This talk explores tools for discovery using optical transient databases. Given any catalogue of non-optical transients -- GW, neutrino, cosmic ray, gamma ray -- there may be undiscovered optical counterparts that match the sky position and time window. Confirming such a counterpart would be a major discovery, not obvious in either of the original catalogues. In the Edinburgh-Belfast "Lasair" project, we are building a platform where astronomers can bring their ideas and run explorations and searches: we will present prototypes of tools for space-time crossmatch in the (current) ZTF and (future) LSST transient surveys.
Michitoshi Yoshida Key theme: Multi-messenger technology and interoperability
Title: J-GEM collaboration: an optical-infrared follow-up observation network
Authors: Michitoshi Yoshida, Yousuke Utsumi, Masaomi Tanaka, Nozomu Tominaga and J-GEM collaboration
J-GEM is a world-wide network of follow-up observations for gravitational wave transients in optical-infrared bands utilizing Japanese observation facilities. J-GEM consists of 11 telescopes across wide longitude range of the globe. We succeeded to observe the optical-infrared counterpart of GW170817 with Subaru Telescope which is a facility joining the J-GEM collaboration after 17 hours of the GW event. We present the current status of the low latency follow-up observation system of J-GEM and early results during LIGO/Virgo O3.
Sylvia Zhu Key theme: Gravitational Wave Sources in multi-messenger signals
Title: Continuous gravitational waves from axion clouds
Authors: S. J. Zhu, D. Tsuna, R. Brito, M. A. Papa, N. Kawanaka, H.-B. Eggenstein
Axions and axion-like particles of mass 1e-14 to 1e-12 eV can quickly form clouds with large occupation numbers around stellar-mass black holes via the superradiance instability. This axion cloud - black hole system acts like a gravitational-wave 'atom,' and would emit long-lived, monochromatic, continuous gravitational waves (CWs) from axion annihilations and level transitions. The CWs from annihilations could be detectable by the current generation of ground-based gravitational-wave interferometers, given reasonable assumptions about the Galactic isolated black hole population, and would produce a signature that is distinct from the more standard CW signals from isolated neutron stars. I will present the expected CW signal from axion annihilations, based on simulations of the Galactic isolated black hole population informed by X-ray studies.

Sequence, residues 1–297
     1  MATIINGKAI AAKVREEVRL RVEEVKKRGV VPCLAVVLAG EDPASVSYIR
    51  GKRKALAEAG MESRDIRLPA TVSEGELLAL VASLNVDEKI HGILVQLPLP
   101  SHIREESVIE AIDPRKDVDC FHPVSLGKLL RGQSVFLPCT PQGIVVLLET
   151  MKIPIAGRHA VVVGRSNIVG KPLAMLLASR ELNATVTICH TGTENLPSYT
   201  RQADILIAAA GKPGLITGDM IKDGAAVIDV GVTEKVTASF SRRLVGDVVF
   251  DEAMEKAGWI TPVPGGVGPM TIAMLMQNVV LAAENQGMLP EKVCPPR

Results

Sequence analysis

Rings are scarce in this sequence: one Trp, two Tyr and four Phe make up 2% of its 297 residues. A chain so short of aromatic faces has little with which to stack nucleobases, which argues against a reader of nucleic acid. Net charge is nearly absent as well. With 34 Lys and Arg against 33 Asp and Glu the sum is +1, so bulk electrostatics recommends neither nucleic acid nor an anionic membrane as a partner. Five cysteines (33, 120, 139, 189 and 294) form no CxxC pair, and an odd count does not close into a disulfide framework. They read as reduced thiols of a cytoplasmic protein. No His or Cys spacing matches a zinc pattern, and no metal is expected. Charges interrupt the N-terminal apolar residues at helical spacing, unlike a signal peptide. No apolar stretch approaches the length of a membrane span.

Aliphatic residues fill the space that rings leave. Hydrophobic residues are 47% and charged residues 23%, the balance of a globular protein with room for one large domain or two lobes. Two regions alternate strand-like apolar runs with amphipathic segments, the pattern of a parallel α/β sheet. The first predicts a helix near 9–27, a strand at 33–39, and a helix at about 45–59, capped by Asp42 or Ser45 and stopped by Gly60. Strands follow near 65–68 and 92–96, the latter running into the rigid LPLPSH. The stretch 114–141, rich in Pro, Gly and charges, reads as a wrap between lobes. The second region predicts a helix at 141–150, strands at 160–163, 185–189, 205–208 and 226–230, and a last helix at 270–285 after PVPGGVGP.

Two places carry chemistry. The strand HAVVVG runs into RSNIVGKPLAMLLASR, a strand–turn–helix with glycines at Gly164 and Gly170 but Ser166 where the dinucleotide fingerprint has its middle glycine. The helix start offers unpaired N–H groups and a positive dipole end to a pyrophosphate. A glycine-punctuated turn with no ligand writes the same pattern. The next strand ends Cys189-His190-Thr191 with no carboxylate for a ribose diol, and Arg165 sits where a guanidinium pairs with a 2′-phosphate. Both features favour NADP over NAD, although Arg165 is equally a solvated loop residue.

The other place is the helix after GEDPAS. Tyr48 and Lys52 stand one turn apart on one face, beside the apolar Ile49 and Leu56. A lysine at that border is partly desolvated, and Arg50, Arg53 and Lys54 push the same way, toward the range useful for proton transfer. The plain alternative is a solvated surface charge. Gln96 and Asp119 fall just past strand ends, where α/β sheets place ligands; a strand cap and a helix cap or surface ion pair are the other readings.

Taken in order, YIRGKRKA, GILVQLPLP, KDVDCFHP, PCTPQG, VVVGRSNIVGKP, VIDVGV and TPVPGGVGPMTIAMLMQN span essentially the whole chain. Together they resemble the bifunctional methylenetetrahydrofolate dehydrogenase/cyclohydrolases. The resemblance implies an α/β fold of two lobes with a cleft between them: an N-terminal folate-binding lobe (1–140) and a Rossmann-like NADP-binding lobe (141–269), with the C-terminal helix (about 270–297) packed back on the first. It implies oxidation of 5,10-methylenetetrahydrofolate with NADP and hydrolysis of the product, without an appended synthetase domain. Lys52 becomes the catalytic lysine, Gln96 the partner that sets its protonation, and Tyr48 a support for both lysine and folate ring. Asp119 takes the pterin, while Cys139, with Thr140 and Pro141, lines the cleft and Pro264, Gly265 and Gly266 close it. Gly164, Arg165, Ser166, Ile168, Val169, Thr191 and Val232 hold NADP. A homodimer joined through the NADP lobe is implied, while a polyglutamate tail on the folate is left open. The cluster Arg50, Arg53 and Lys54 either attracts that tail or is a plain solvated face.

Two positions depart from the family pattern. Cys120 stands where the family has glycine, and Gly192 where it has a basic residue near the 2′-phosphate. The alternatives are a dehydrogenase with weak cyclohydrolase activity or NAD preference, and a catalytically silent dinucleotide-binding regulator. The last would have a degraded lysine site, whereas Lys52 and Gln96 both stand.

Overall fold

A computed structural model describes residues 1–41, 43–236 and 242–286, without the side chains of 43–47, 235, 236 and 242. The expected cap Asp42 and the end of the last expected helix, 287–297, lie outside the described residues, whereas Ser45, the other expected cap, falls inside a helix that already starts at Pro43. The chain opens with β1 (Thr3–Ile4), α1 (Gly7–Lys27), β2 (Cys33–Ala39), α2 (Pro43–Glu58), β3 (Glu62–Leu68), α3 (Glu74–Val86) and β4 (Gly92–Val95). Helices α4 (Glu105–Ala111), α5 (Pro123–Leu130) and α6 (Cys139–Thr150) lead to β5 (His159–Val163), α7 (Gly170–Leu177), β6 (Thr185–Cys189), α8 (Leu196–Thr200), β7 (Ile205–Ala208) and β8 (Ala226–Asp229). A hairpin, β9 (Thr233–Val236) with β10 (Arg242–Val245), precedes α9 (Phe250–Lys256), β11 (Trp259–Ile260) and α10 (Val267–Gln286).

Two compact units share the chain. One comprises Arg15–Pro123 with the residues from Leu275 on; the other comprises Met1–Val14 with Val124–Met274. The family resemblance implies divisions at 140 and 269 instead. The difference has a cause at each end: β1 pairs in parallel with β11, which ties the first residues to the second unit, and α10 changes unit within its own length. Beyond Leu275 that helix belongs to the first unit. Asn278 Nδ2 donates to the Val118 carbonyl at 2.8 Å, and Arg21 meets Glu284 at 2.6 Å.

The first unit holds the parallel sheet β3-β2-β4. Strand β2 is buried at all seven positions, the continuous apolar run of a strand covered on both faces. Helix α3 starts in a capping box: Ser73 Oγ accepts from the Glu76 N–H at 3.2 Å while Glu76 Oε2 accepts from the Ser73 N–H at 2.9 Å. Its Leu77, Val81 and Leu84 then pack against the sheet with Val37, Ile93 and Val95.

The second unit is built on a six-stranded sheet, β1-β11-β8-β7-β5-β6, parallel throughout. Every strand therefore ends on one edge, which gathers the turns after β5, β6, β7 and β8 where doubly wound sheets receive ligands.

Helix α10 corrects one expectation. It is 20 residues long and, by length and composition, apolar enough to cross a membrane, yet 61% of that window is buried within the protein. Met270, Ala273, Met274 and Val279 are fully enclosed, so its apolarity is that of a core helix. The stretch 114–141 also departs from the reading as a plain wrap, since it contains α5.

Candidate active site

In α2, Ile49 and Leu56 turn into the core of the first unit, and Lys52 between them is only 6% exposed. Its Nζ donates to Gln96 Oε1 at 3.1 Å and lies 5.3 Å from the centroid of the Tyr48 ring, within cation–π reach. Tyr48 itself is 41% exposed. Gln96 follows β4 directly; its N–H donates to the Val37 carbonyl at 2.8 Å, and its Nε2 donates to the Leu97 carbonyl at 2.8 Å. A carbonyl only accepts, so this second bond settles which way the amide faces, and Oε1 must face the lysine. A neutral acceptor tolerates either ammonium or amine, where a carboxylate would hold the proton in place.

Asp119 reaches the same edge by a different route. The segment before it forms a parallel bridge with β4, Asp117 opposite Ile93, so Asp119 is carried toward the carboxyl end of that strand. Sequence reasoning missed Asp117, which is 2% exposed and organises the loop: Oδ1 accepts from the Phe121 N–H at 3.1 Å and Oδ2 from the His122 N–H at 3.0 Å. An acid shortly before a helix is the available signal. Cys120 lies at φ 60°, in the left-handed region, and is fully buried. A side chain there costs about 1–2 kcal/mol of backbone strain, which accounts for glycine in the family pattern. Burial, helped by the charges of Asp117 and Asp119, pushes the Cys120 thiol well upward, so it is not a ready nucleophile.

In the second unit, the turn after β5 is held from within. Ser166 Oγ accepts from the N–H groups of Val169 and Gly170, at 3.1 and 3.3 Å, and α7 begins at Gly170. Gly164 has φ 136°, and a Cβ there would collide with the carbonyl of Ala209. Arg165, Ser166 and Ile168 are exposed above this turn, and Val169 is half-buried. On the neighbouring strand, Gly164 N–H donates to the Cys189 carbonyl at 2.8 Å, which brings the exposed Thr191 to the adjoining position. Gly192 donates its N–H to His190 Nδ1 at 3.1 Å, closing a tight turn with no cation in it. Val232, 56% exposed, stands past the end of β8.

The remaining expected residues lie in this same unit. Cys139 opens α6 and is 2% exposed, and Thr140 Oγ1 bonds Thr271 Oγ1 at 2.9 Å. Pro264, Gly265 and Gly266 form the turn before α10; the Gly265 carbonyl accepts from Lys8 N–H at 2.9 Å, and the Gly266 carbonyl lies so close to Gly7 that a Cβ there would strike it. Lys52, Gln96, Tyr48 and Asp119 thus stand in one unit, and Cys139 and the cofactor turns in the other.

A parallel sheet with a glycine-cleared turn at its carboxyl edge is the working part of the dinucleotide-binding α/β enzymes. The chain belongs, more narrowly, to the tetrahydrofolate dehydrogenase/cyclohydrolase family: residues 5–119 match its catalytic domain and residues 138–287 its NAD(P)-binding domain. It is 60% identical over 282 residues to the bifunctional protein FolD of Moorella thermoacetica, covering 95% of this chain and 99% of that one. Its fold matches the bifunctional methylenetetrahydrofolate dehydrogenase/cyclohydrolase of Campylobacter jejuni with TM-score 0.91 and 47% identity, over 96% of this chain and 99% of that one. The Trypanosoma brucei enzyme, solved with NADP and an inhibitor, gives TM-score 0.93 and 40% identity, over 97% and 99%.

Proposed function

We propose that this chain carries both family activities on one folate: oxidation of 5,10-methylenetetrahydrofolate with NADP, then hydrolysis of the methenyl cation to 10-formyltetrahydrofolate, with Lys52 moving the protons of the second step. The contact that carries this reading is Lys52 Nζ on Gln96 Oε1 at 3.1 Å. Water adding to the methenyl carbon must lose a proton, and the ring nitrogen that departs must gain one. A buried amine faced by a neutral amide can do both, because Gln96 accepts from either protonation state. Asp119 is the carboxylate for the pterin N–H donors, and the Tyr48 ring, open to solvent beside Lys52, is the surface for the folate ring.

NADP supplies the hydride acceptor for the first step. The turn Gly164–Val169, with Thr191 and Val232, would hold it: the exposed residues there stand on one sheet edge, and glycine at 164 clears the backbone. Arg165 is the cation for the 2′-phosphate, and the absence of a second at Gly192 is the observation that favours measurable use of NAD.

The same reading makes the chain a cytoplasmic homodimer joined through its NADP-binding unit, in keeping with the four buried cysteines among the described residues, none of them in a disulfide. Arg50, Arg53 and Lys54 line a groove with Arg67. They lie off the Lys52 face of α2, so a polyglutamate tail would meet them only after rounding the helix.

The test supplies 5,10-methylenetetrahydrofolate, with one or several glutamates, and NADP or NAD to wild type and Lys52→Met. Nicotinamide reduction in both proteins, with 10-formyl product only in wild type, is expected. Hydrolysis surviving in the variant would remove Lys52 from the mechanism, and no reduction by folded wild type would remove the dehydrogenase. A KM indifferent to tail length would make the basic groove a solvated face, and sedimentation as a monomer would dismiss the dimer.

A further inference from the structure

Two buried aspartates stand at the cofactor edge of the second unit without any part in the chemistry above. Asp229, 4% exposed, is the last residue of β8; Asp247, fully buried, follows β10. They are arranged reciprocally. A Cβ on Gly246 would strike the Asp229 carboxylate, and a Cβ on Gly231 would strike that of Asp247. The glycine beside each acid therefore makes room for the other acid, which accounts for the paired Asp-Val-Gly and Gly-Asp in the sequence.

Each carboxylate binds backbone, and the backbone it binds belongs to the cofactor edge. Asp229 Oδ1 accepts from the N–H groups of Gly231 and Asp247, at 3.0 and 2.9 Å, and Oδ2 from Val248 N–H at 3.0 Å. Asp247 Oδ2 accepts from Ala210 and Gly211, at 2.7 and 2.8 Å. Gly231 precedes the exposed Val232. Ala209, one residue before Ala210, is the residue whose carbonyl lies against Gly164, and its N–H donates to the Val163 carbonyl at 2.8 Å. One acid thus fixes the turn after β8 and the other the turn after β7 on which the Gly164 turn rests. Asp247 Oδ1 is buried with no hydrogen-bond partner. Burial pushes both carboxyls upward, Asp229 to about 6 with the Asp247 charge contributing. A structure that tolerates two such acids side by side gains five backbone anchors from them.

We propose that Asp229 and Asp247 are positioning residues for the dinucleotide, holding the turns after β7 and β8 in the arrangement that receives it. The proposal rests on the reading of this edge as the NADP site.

Abstracts without link to participant.

Name Key theme / Title / Authors / Abstract
NEMMA3155464 Key theme: The principles of Open Science
Title: The ASTERICS VO schools. Getting closer to the astronomical community
Authors: Enrique Solano, Ada Nebot Gómez-Morán
The main goal of ASTERICS WP4 (“Data Access, Discovery and Interoperability”) was to ensure that the ESFRI products are openly accessible via the Virtual Observatory framework to the whole European and also international communities. Training and educating the next generation of users on how to efficiently use these new resources was identified as one of the most important objectives within this workpackage.

In this context, four Virtual Observatory (VO) schools were organised with a twofold objective: on the one hand, to expose European astronomers (in particular early-career people) to the variety of VO tools and services available today so that they can use them efficiently for their own research and, on the other hand, to gather feedback and requirements from this intense and diverse usage. During the school, VO experts guided the participants on the usage of such tools through a series of real life science cases. Participants also had the opportunity to develop their own science cases.

More than 130 participants from 15 different European countries attended the schools. Feedback gathered from participants demonstrated that the goals of the schools were fulfilled. The schools were efficient steps forward in the process of building an astronomical VO community both within ASTERICS and beyond the project’s borders across Europe.
NEMMA3155464 Key theme: Alert mechanism systems and fast response of facilities
Title: The SVO Discovery Tool
Authors: Enrique Solano, Almudena Velasco
The SVO Discovery Tool is a tool developed and maintained by the Spanish Virtual Observatory whose goal is to give an answer to the most basic VO question: “Given an object / list of objects, I want to know all the information that is available in archives about it / them”.

This information can be presently gathered in different ways using existing VO tools but there was a lack of a tool that efficiently executes this search and returns the specific information demanded by the user.

In its current version, the SVO Discovery Tool accepts a list of objects and/or coordinates and offers the possibility of gathering a list of physical parameters from Vizier, the photometry in a format ready to be
used by VOSA as well as the list of spectra and images.

In this poster we describe the main functionalities of the tool, in particular its application to projects with an alert system like Gaia.




ASTERICS is a project supported by the European Commission Framework Programme Horizon 2020 Research and Innovation action under grant agreement n.653477